OK, those were all very cool. But I saw the auction items laid out at B&B a couple of weeks before the event, and a lot of them were in shockingly poor shape—yet still garnered big bucks from eager buyers. Like, $15,600 for a worn Haliburton case “used by Ram Rod to transport important items for the Grateful Dead while on tour, 1970s-1990.” Surely the only reason this fetched such a good price is the buyer believed that this was actually a “stash case” that traveled with the band. No one pays that price for a briefcase that just carries papers. The rose-embroidered and rhinestone-studded guitar strap designed to match Garcia’s magnificent Nudie suit (designed by the famous SoCal C&W suit designer “Nudie” Cohn; Garcia wore it a couple of times onstage in 1973) went for $20,400, despite missing several rhinestones. (Alas, Phil’s entire Nudie suit, which was originally to be part of the Ram Rod auction, was withdrawn at the last minute, over questions regarding its true ownership.) There were all sorts decrepit and empty speaker boxes from the Wall of Sound ($3,600 for one), pieces of nonfunctioning audio equipment, random photographs in not-very-good condition (most of which landed bids in the $600-$900 range), and a bunch of other stuff (including Ram Rod’s own guitars, banjo and mandolin). Ram Rod’s heirs walked away with an impressive $1.1 million.

And for the rest of us, there’s eBay. God, there’s a lot of Grateful Dead stuff up on eBay at all times, and the quality varies tremendously, as you might imagine. Look under “Grateful Dead shirts” and you’ll find around 50 “pages” of 50+ shirts each, ranging from cool custom ones sold by individuals to obviously factory-made, mass-produced shirts being sold by big companies. Under “Grateful Dead CDs” there are hundreds more items, including some I’d never seen before: $35 will buy you a “limited edition” 2-CD set of Jerry Garcia music “housed in silver paper slipcases with Jerry Garcia's artwork on them (both the sleeves and CDs) and including the complete track listing and information as follows (sweet selections to be sure).” This one intrigued me because disc one of the set is a collection of tunes I put together for the limited box edition of the book Jerry Garcia: The Collected Artwork, and I was not aware that “rogue” copies of the music were being peddled elsewhere. Hmmm. Strange. Thanks for the compliment about the “sweet selections,” though.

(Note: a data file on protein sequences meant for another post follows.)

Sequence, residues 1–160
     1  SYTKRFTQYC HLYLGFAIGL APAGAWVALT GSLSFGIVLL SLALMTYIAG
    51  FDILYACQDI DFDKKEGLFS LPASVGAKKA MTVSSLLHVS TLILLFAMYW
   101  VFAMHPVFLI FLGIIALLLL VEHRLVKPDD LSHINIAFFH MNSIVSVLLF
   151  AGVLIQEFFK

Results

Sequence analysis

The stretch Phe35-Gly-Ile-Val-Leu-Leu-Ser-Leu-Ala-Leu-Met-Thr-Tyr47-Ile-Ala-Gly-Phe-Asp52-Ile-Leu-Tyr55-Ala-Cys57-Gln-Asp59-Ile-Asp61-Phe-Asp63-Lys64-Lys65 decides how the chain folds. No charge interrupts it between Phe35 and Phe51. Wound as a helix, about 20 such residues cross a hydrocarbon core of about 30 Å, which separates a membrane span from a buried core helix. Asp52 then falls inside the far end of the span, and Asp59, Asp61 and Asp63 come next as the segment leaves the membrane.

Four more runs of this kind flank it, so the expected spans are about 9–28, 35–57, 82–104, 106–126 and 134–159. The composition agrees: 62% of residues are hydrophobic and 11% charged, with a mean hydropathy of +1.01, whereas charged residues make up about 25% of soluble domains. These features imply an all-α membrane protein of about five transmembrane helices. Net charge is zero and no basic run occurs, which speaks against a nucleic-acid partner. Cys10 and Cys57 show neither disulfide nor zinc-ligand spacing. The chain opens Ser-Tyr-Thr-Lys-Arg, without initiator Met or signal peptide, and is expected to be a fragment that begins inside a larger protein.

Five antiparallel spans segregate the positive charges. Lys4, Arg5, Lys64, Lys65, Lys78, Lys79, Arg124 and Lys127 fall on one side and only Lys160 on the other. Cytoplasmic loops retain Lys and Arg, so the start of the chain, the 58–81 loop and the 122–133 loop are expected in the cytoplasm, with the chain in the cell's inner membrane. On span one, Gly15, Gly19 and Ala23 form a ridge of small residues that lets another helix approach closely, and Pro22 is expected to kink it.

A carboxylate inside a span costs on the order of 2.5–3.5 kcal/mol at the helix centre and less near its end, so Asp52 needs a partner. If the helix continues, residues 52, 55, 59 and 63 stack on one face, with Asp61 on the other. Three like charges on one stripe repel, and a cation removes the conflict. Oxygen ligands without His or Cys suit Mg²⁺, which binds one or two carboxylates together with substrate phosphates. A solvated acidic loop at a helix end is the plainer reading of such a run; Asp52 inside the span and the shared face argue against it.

From time to time some obviously fake Dead merchandise goes up on eBay—usually reproductions of old posters for events that never had posters (and which occasionally have blatant historical inaccuracies on them—a 1966 photo on a 1965 poster, etc.)—and “autographed” photos and posters of dubious origin and questionable veracity. These usually get sniffed out by Dead Heads pretty quickly, and the sellers often get their feet held to the fire long enough that they eventually withdraw the item. But no doubt many bogus items have been sold to unsuspecting Heads this way—just as the sports and movie memorabilia markets have been plagued by counterfeits and forgeries forever.

Attaché case:
A mere $15,600!